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385 COVID-19 associated delay in endometrial cancer staging procedure is associated with higher rate of sentinel lymph node positivity.
  1. Atefeh Rezaei1,
  2. Hadi Erfani2 and
  3. Karina Nieto1
  1. 1Seidman Cancer Institute, Cleveland, United States
  2. 2Norris Comprehensive Cancer Center, University of Southern California, Los Angeles, United States


Introduction/Background The COVID-19 pandemic has resulted in major disruptions of cancer care. Our objective was to assess the impact of the pandemic on the time from endometrial cancer diagnosis to the time of hysterectomy.

Methodology Women with endometrial carcinoma who underwent surgical staging from 2019–2020 were included; all grades and histologies were included. Prepandemic and pandemic patients were compared. The primary outcome was time from endometrial cancer diagnosis to time of hysterectomy bilateral salpingo-oophorectomy and staging (THBSO). Prepandemic patients were defined as those diagnosed in 2019; pandemic patients as those diagnosed in 2020. Primary outcome was time from diagnosis to hysterectomy. Secondary outcomes were time to radiation therapy, time to chemotherapy. Continuous and categorical variables were reported as median [interquartile range] and number [rate].

Results 93,337 women who underwent THBSO were included in this study. 49,779 (53.3%) diagnosed in 2019, and 43,558 (46.7%) in 2020. Age, race, education, insurance status, and histology were not different between the groups. Grade was not different between groups; Grade I: 51.9% in 2019, 52.1% in 2020; Grade II: 27.0% in 2019, 27.2% in 2020; Grade III 21.1% in 2019, 20.8% in 2020.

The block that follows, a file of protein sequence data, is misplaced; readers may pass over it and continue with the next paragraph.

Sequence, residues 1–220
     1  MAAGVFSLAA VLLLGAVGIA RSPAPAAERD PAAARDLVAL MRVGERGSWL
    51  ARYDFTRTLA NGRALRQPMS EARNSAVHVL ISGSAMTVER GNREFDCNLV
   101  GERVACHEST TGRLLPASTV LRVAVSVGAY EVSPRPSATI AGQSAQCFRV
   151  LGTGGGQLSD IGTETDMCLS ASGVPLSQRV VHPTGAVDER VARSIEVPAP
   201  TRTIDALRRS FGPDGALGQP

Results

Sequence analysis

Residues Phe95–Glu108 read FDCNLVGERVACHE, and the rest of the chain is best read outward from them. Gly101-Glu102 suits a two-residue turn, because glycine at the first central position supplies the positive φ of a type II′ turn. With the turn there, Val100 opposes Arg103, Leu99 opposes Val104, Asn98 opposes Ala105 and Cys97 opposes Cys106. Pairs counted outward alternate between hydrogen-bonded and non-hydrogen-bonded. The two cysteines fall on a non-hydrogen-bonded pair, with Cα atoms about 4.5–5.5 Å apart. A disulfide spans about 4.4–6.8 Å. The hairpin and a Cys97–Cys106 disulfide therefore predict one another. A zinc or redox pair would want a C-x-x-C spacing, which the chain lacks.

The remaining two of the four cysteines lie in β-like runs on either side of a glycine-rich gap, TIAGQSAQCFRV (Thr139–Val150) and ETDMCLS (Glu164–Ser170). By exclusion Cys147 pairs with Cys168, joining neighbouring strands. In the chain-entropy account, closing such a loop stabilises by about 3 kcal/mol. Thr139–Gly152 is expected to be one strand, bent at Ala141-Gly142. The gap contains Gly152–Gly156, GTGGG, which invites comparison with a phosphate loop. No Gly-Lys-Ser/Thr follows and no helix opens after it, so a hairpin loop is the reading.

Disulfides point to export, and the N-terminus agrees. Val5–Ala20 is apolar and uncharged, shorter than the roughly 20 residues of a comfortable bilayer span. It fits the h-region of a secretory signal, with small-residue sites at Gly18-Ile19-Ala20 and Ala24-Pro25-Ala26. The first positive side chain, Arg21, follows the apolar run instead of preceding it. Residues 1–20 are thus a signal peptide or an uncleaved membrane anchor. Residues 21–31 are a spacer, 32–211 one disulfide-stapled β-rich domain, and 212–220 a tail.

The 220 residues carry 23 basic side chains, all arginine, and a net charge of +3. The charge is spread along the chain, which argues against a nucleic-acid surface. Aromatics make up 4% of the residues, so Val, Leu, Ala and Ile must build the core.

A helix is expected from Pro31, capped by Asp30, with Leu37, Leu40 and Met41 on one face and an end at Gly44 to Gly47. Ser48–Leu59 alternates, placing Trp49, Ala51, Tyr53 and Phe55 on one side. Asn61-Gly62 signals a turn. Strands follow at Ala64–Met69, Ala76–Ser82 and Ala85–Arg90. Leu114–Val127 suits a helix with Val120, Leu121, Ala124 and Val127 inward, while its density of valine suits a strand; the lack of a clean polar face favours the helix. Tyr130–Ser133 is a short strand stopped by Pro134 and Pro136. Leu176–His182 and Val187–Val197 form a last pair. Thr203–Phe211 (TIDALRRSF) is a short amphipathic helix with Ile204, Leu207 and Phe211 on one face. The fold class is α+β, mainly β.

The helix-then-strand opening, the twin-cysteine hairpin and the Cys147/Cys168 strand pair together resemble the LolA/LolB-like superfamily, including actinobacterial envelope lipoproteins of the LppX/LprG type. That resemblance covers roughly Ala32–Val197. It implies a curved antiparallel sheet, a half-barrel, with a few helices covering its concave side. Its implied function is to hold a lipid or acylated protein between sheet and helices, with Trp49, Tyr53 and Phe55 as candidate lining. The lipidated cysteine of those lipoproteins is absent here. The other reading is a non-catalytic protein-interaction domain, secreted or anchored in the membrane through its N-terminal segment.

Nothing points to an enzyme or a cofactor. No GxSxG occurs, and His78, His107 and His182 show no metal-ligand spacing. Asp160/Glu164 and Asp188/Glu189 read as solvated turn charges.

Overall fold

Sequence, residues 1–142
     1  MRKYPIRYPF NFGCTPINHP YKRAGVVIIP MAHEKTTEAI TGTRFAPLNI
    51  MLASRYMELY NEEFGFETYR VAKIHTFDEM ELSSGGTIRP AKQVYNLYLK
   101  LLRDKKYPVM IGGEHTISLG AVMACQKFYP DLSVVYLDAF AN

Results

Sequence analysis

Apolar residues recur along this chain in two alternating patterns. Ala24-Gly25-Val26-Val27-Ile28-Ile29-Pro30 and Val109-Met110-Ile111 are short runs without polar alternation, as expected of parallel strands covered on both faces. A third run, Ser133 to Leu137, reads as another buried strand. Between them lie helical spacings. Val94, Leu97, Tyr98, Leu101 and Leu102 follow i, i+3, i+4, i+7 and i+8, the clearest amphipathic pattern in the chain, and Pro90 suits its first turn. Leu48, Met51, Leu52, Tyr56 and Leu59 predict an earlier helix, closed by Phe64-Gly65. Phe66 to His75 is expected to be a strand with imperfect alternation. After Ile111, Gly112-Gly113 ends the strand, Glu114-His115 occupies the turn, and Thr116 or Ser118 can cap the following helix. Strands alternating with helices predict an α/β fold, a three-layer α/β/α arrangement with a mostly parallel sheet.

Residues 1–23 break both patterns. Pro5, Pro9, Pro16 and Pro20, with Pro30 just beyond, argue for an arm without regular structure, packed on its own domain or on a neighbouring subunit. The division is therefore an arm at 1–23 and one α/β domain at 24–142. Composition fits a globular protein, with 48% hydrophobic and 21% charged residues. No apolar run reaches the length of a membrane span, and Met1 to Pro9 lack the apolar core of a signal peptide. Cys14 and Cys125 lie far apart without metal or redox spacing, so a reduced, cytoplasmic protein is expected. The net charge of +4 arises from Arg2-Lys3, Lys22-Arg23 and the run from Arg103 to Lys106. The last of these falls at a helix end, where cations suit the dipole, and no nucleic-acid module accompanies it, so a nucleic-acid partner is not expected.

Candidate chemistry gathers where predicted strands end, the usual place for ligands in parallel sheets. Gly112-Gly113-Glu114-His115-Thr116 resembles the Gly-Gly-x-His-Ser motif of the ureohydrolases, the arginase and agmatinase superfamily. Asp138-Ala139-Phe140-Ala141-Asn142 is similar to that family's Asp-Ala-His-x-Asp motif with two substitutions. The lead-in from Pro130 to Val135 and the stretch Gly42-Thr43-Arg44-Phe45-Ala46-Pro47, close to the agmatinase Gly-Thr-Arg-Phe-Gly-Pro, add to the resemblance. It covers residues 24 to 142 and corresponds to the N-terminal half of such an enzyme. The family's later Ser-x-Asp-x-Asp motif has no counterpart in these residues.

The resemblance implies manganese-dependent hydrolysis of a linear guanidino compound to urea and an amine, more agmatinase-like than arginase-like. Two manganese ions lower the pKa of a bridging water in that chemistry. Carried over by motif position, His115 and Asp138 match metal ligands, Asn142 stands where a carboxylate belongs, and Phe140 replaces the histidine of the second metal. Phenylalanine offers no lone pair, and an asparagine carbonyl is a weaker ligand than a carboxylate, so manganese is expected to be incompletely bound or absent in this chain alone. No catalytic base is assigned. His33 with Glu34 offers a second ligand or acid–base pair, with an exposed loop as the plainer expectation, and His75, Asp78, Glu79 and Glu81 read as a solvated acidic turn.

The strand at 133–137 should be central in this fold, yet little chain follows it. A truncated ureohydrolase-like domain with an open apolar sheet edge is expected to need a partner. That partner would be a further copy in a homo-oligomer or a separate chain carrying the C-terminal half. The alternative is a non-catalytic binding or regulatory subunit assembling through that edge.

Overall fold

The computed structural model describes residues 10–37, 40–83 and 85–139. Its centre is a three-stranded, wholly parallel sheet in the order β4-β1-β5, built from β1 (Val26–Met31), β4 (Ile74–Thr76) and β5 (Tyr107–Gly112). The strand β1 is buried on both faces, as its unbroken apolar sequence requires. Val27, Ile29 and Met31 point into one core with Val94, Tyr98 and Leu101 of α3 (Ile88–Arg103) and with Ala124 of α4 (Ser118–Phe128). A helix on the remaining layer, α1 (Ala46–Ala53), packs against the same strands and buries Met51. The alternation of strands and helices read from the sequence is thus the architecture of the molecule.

Median time from the cancer diagnosis to THBSO was 21 [9, 39] days versus 43 [23, 68] days in pre pandemic versus pandemic era, respectively (p=0.01).

488 (1.0 %) and 601 (1.5%), p<0.001 of women who THBSO had positive sentinel lymph nodes either unilaterally or bilaterally in 2019 and 2020, respectively (OR: 1.4, 95% confidence interval: 1.2–1.6).

Amongst women treated with radiation therapy, or chemotherapy, there was no significant difference in time from diagnosis to time of treatment.

Conclusion COVID positive status was associated with a 105% increase in the number of days between diagnosis and treatment with THBSO and higher rate of lymph node positivity in patients with endometrial cancer.

Disclosures Authors have nothing to disclose.

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